Completing her first year as superintendent, the San Diego Unified Board of Trustees unanimously approved Cindy Marten's $1.2 billion "students first" spending plan on June 24.
"When the Board hired me last year, my task was to reevaluate every dollar to ensure we are focusing expenditures on proven methods to create quality schools in every neighborhood, improve student achievement and close the achievement gap," said Marten.
At the same time, the Board approved the district's LCAP (Local Control and Accountability Plan). It now goes to the San Diego County Office of Education for final approval. See documents approved»
Despite lingering effects of the worst economic downturn since the Great Depression, the 2014-15, $1.2 billion operating budget has no layoffs, reduces class sizes in lower grades, redirects staffing to classrooms, implements Common Core and focuses on English-language learners.
"I have always believed that however much money we have, in both good times and bad, we have a responsibility to improve the quality of education while serving as good stewards and promoting student achievement," she said. "I am confident that we will meet the needs of our students and support our educators and employees, while living within our means."
Planning for the 2014-15 school year "reflects our collective vision" and is being shaped by a multi-disciplinary team, Superintendent Cindy Marten told the Board of Education when she presented her proposed 2014-15 budget on Jan. 21. The team approached the process, Marten explained, by reviewing the district’s vision for equity and excellence in all schools and classrooms rather than asking how much money is available and how much needs to be cut. The proposed budget puts the priorities squarely on students with improvements and enhancements to educational program. Read more of the Superintendent's budget message»
|Gov. Brown's comments on LCFF (PDF) |
For school districts and charter schools, the Local Control Funding Formula (LCFF) creates base, supplemental, and concentration grants in place of most previously existing K-12 funding streams, thus eliminating revenue limits and approximately three-quarters of state categorical programs.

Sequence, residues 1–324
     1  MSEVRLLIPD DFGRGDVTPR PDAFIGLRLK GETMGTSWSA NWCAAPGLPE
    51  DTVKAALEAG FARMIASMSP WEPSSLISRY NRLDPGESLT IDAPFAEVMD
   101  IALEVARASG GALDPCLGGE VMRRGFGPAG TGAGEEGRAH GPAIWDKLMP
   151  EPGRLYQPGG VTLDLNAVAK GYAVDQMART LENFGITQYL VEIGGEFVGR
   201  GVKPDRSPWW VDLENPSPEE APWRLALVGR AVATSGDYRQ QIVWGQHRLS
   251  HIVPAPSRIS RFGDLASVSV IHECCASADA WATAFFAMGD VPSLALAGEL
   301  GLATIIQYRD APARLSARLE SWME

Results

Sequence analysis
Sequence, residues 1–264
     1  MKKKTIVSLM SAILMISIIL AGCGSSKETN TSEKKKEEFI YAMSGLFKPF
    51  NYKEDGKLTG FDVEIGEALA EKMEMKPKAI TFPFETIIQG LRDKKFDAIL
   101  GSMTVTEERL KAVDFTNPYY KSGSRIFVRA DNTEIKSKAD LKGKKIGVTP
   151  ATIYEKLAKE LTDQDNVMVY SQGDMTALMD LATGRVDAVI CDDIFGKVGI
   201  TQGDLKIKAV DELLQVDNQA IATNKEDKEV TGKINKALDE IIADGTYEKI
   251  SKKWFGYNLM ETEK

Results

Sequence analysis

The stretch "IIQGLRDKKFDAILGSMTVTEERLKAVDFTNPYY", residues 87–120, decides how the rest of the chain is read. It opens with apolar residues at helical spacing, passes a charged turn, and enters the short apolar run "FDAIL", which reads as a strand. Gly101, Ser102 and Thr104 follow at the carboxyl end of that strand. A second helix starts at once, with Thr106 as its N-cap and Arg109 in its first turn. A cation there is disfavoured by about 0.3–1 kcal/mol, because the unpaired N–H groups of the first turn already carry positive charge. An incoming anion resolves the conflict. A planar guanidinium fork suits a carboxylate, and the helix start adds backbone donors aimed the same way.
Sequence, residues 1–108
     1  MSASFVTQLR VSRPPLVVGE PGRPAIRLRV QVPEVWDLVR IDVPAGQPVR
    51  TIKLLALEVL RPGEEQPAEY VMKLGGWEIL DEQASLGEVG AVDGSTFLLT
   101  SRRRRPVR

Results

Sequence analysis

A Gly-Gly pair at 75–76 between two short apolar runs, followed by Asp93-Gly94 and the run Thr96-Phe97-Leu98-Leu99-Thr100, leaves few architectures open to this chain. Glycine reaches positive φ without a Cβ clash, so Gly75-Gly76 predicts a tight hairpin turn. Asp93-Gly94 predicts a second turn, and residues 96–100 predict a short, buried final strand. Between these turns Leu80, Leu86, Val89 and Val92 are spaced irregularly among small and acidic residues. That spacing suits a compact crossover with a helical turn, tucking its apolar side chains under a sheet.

This will result in more flexibility for school leaders, with the assistance from parents and other local stakeholders, to determine the local academic priorities and how the state funding will be used to improve student achievement so that they graduate from high school and are college and career ready.
For more information, go to the Local Control Funding Formula page.
Since 2007, California has seen historic reductions in school funding. For the San Diego Unified School District, this means a reduction of more than 25 percent in school funding while the enrollment has remained stable. That's a reduction of more than $500 million.
Budget planning begins following the release of the Governor's budget proposal in January, with completion required by the end of June.
There's more information on California's school budget process.
Budget meetings and other information is regularly updated by San Diego Unified. To keep informed, check this website, the Budget News section and San Diego Unified's home page, become a fan of San Diego Unified's Facebook and Twitter pages for news and subscribe to Friday Notes.
Superintendent Marten's first budget has no layoffs, reduces class sizes in lower grades, redirects staffing to classrooms, implements Common Core, focuses on English learners
Board of Education Subdistrict A Trustee Dr. John Lee Evans discusses current budget realities for San Diego Unified
IN THE NEWS: New Local Control Funding Formula, Local Control and Accountability Plan
IN THE NEWS: What parents, community members and taxpayers need to know about changes in California school funding